Where once there was Rossy, now there is Manager David. It’s a transition that’s been much harder for some fans to grasp than it has players, but there’s probably a little residual weirdness for a few members of the roster just the same. Some of these players now have a friend as a boss and others are being managed by a guy they know more from Dancing with the Stars or the ESPN booth.
“It’s funny how different people in the locker room have said hi to him the first time seeing him,” Nico Hoerner said Thursday. “Some of them, it’s like seeing an old friend and they just kind of push him around and say whatever. And other people, it’s like, ‘Oh, Mr. Ross. It’s nice to meet you.'”
Who the hell is Mr. Ross? To the best of my knowledge, that was not among the list of pre-approved monikers we were going to be using this season. Hoerner is allowed this one gaffe on the grounds that he’s been too focused on his development to concern himself with how to properly address his manager.
Another player who isn’t worried about what to call his manager, likely because he’s already used about every name in the book, is Jon Lester. Something of a package deal when they came to the Cubs in 2015, Lester has worked with Ross more than any other catcher and is the player about whom people had the most questions when it came to the new dynamic.
“I don’t know if you guys know this, but he took me out of games plenty of times when I was pitching,” Lester told the media in Mesa. “So this won’t be anything new. I laughed when I saw it for the first time about somebody said this is going to be interesting, with Rossy taking me out of a game. I’ve never disrespected my manager, regardless of who it is and regardless of my relationship with that individual.”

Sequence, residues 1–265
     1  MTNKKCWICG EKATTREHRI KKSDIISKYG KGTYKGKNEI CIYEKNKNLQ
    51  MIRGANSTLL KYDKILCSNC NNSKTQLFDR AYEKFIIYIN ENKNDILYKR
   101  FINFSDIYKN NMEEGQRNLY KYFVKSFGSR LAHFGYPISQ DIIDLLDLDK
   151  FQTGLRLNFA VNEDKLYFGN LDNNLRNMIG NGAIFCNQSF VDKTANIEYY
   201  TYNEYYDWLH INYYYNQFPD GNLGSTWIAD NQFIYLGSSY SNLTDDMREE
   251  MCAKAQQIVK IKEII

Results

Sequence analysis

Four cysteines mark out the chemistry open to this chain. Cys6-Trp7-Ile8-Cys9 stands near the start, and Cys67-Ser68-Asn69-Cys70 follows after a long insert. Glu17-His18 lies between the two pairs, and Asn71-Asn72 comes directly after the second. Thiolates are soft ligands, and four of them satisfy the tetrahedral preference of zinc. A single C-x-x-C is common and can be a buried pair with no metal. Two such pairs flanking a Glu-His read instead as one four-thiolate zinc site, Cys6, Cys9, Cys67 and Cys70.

“He’s my boss. Is that weird? Yes, but he’s my boss.”
The really funny part about this new iteration of their relationship is that there should never have been any doubt about whether Ross would be comfortable going out to the mound to take the ball from the lefty. I mean, c’mon, the rookie manager has already been practicing doing exactly that with Tyler Chatwood. In all seriousness, Ross was frequently called upon by his own managers to provide an assessment of his battery-mate, and that often meant telling them Lester was done.
You think someone who’s already done that dozens of times is suddenly going to have a problem with it just because he’s not wearing a chest protector? Nah, Manager David is going to be just fine.
“We’ve got a tight relationship,” Ross said Thursday. “I would say I’m almost too honest with him — if that can be a thing — of what I expect out of him and where I think he is. He’s in a good place and I’m proud of him and I’m happy where he’s at.
“[I’m] excited, you know, I really still think he’s a special top-of-the-rotation pitcher, [and I’ll] tell him the stuff that I really believe and where he can improve and how I want him to kind of affect the young guys and so much that he can bring.”
The real question isn’t whether Ross will be comfortable taking the ball from Lester, but whether the southpaw will pitch well enough to ensure that fans are upset when it happens.